— Lawmakers passed a wide-ranging bill (HB 3) that includes offering $5,000 bonuses as a tool to recruit law-enforcement officers from other states and provides $1,000 bonuses for law-enforcement officers and other first responders in Florida.
— Lawmakers approved a plan (SB 226) that will cover veterinary costs of retired law-enforcement dogs. Handlers of retired dogs will be able to receive up to $1,500 in reimbursements for annual costs.
LOCAL GOVERNMENTS AND SPECIAL DISTRICTS
— In an issue stemming from Walt Disney Co.’s opposition to a new law involving instruction in schools about gender identity and sexual orientation, lawmakers passed a bill (SB 4-C) that will dissolve the Reedy Creek Improvement District, which plays a key role for Disney. The law takes effect Friday, starting the clock on the June 1, 2023, dissolution of Reedy Creek and five other special districts in the state.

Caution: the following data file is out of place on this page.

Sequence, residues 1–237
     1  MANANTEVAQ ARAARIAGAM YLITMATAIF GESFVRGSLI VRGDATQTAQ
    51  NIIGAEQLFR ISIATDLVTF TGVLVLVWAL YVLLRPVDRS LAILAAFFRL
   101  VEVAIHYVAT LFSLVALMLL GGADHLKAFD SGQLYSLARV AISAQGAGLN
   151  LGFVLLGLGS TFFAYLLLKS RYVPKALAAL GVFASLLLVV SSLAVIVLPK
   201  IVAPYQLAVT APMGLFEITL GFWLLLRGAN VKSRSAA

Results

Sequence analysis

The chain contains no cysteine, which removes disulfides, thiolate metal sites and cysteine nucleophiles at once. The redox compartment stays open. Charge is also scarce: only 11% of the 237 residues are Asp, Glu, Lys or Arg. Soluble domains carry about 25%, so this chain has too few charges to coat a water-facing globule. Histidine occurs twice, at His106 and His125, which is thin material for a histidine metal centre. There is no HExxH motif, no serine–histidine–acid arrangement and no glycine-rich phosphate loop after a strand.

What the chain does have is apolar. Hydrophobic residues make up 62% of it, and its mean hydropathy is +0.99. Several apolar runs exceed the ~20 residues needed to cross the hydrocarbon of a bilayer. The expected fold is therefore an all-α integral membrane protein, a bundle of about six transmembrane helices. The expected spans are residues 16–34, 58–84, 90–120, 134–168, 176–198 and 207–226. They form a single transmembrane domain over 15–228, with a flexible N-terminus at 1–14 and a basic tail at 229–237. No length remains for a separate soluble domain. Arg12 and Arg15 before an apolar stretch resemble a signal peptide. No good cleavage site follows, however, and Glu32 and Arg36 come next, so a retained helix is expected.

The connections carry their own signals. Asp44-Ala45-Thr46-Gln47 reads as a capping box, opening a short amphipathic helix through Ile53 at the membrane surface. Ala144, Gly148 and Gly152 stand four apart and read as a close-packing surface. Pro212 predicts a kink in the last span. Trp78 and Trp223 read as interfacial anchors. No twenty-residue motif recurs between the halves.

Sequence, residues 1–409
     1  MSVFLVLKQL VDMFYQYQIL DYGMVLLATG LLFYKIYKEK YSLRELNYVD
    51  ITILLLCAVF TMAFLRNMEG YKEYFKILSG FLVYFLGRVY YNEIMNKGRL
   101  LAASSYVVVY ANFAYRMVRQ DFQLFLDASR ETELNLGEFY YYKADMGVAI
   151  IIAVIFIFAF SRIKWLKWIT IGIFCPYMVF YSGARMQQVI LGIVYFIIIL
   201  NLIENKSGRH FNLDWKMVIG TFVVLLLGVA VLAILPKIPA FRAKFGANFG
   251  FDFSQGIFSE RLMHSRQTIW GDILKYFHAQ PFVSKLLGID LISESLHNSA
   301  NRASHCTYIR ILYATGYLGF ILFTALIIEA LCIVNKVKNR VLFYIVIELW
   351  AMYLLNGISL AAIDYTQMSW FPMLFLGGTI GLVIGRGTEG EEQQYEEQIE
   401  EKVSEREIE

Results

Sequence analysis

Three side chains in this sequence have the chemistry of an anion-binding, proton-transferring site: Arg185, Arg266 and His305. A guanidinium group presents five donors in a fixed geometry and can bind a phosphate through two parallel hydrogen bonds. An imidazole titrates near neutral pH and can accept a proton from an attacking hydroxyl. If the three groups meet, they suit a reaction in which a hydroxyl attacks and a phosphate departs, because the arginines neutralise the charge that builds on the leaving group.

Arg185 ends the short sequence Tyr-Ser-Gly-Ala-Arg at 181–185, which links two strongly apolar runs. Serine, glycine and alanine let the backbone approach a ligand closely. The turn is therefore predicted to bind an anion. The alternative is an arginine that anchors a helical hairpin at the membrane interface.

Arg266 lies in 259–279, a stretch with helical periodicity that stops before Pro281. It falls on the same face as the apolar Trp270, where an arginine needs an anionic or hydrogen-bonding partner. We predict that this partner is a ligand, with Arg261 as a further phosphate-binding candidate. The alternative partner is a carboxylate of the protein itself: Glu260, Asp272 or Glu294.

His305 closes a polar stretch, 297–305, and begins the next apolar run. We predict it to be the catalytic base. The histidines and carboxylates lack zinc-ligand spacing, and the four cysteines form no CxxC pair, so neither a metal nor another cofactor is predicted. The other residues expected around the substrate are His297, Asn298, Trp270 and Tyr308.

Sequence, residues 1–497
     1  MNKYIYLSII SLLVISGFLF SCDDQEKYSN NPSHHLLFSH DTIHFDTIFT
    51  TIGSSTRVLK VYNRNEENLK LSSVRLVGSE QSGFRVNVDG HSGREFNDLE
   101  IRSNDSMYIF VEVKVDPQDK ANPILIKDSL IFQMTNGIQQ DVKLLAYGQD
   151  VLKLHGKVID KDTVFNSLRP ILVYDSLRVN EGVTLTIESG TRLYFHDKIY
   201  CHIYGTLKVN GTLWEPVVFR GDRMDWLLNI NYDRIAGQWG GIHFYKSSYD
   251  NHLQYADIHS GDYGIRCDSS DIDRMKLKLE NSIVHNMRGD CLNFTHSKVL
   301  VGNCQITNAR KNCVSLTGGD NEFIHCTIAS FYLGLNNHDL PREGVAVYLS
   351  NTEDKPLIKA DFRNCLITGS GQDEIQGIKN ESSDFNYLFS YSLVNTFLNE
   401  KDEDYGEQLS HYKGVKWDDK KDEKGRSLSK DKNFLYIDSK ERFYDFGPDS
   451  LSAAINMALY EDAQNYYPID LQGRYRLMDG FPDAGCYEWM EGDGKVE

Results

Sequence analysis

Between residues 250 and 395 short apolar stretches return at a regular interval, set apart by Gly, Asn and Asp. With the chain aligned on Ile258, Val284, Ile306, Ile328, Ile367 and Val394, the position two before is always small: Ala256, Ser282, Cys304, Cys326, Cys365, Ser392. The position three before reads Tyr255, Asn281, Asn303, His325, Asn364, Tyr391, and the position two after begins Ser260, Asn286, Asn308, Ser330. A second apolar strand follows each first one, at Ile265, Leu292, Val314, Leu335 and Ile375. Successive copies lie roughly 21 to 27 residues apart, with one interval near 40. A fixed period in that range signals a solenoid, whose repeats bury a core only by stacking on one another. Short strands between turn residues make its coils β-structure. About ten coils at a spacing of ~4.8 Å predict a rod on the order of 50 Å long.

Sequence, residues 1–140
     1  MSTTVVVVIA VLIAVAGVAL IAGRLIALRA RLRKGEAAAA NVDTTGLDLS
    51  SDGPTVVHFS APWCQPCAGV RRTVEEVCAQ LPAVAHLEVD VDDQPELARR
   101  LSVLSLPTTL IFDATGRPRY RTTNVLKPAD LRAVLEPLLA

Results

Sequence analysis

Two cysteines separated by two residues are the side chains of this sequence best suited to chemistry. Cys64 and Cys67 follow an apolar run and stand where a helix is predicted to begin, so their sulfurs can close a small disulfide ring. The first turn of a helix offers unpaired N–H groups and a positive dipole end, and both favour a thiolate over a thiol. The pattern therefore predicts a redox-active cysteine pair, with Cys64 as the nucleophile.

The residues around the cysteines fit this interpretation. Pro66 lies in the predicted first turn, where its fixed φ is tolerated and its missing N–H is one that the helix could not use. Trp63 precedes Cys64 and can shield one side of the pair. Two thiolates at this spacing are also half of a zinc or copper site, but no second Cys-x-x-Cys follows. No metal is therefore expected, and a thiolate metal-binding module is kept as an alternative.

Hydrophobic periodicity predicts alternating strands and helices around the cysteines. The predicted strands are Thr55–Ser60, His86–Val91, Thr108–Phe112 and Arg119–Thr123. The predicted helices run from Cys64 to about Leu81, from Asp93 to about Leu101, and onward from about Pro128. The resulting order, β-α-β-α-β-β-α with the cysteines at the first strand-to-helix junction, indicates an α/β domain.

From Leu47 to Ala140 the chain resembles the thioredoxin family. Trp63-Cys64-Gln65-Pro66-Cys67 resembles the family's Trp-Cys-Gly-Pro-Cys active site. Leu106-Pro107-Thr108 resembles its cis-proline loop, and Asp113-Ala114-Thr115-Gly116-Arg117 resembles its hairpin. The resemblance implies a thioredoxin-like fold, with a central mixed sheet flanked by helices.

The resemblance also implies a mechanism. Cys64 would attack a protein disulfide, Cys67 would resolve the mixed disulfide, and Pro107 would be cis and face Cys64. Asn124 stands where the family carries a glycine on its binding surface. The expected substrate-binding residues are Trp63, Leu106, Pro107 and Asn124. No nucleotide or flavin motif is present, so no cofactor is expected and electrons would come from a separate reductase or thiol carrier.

— Lawmakers passed a measure (SB 105) that will allow cities and counties to restrict smoking at beaches and parks that they own. They will not be able to ban smoking unfiltered cigars.
— The Legislature passed a bill (HB 7055) that made a series of changes related to cybersecurity, including prohibiting local governments from making ransom payments when hit with “ransomware” attacks.
WATER AND INFRASTRUCTURE
— Lawmakers passed a measure (SB 1038) that will give Putnam County until July 1, 2024, to have a feasibility study to determine if a port could be created on the St. Johns River in Palatka.
— With the state threatened by rising sea levels, lawmakers passed a measure (HB 7053) that creates a new resiliency office directly under the governor and expands the Resilient Florida Grant Program.
JUVENILES AND FATHERS
— Lawmakers passed a measure (HB 195) that will expand the ability of minors to have arrest records expunged if they complete diversion programs. The law will not apply to arrests for forcible felonies and felonies that involve the manufacture, sale, purchase, transport, possession or use of firearms.
— In a priority of the House Speaker Chris Sprowls, R-Palm Harbor, lawmakers passed a bill (HB 7065) that includes creating the “Responsible Fatherhood Initiative” within the Department of Children and Families.